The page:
|Costume assistant Hannah Lynch makes costumes for Oklahoma. The Theatre Arts Department is making all the costumes for the show.|
Liberty University’s Tower Theater will welcome some new guests this year, from dancing cowboys and daring spies to magical fairies and even a giant man-eating plant.
The characters are stars in the Department of Theatre Arts’ mainstage season, which kicks off Sept. 23 with Rodgers and Hammerstein’s Oklahoma!. Other shows this academic year include Little Shop of Horrors, Romeo & Juliet, Ragtime-The Musical, Alfred Hitchcock’s The 39 Steps and Peter Pan.
It’s a lineup of old classics mixed with some modern-day surprises that will help students learn many aspects of theater and at the same time keep the audiences coming, said Linda Nell Cooper, chair of Liberty's Theatre Arts Department.
“We choose the shows thinking about what students we have and what would be good to challenge them as artists -- and not just our actors, but our production students, too,” she said.
Whether it is making costumes for Oklahoma!, creating a giant plant puppet for Little Shop of Horrors or using the advanced fly and rigging system for Peter Pan, students will be able to enhance their skills and, Cooper said, add some top scores to their resume.
All theater students are required to participate in eight shows before they graduate. Liberty currently has 120 declared theater majors.
The 2010-2011 academic year was the first year students performed in the new theater, with more than 30,000 seats sold.
Cooper said she expects just as much of a following this year, with shows that will attract all ages.
“We really did a nice job last year bringing in community members that had never set foot in our theater or on Liberty’s campus before, so we wanted to find something that would encourage them to continue to come,” Cooper said. “We think Oklahoma! does that, and Peter Pan and Romeo & Juliet.”
Some of the shows have been performed at Liberty before, but the new facility allows the department to take them to a whole new level.
Liberty performed Oklahoma!, the musical set in a Western Indian territory at the turn of the century, 10 years ago. This time around, Liberty’s costume designers are making all the costumes for 29 cast members. The show will involve more than 50 students, including a full orchestra.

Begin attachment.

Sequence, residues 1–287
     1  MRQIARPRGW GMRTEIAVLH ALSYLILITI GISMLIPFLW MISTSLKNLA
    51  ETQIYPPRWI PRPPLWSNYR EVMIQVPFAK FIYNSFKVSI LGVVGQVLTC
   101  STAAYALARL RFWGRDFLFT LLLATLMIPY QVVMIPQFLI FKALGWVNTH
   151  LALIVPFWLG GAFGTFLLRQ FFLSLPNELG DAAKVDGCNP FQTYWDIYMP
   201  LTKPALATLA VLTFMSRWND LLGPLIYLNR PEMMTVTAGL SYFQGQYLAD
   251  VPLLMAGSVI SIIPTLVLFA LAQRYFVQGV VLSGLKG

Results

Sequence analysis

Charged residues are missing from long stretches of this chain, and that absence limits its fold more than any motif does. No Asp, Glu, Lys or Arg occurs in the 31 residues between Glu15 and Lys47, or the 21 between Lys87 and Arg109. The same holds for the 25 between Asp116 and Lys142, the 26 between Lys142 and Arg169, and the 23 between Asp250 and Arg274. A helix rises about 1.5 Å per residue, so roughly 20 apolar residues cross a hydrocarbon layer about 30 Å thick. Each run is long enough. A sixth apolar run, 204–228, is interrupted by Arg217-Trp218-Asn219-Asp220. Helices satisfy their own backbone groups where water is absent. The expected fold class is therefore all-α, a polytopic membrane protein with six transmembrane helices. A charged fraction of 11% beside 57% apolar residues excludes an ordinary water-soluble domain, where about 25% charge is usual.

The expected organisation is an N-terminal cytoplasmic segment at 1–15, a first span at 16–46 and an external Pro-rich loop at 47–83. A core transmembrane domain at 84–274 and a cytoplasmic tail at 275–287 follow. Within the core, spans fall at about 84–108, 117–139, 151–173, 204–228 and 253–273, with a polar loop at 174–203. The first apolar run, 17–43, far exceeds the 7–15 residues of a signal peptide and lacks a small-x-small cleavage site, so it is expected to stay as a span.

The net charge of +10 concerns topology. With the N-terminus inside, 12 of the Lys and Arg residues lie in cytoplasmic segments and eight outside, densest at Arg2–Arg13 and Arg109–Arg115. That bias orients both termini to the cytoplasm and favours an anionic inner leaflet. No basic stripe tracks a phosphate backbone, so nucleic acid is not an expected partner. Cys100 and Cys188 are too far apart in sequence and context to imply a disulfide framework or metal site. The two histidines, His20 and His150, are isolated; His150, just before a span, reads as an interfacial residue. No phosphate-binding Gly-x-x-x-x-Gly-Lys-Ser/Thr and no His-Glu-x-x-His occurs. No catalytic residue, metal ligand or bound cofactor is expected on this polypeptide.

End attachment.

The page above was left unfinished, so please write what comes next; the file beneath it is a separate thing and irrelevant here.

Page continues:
Little Shop of Horrors, though never done at Liberty before, will be the first time a musical has been performed with a small cast of eight.
“It’s one of those musicals that makes fun of those B-level science fiction-type movies, tongue-in-cheek, very fun, jazzy music, so it will be fun for the students,” Cooper said. She admitted students were “shocked” when they saw the show in the lineup, but “it really speaks to their age and sometimes they don’t realize we listen to their age and understand it.”
The show opens Oct. 28.
Just before Christmas break, students will perform Romeo & Juliet, which has not been done at Liberty in the last 20 years, Cooper said. With a large cast of 24, the show will make use of all the theater’s new amenities. “It’s large enough for us to do a play of that size, with a full two-story set, the balcony, beautiful costumes they are making, and full-stage combat with swords and rapiers,” Cooper said. It opens Dec. 2.
Ragtime was performed nine years ago at Liberty. Students will have a chance to showcase their musical talents in this dramatic show, which has won many Tony Awards. “It’s a riveting score, beautiful,” Cooper said. It also allows for a large cast, with 40 people. When theater students heard they had a chance to do Ragtime, “it was one of their favorites. … If you love musical theater, it’s probably in your top five,” she said. Performances begin Feb. 17.
The last two shows were pleasant surprises to the schedule. Liberty had tried to get The 39 Steps last year, but could not obtain a license. Based off an Alfred Hitchcock movie, “it’s a whodunit, but it’s also extremely comical,” Cooper said. The show opens March 23.
Peter Pan, the last show of the season, was a longshot – but worth the try, Cooper said. The show is on a national tour, which is hard to obtain a license to if there are plans for it to come anywhere near your area.
“Usually you don’t even try for national tour shows,” Cooper said. “We tried. We got it.”
It’s a show Liberty has never been able to do, but now can with the theater’s new fly system. Cooper herself will direct the large cast of 40. Twelve performances are planned, with opening night on April 13.
“I particularly enjoy fantasy. It’s infectious, you can’t help but get caught up in the magic,” she said.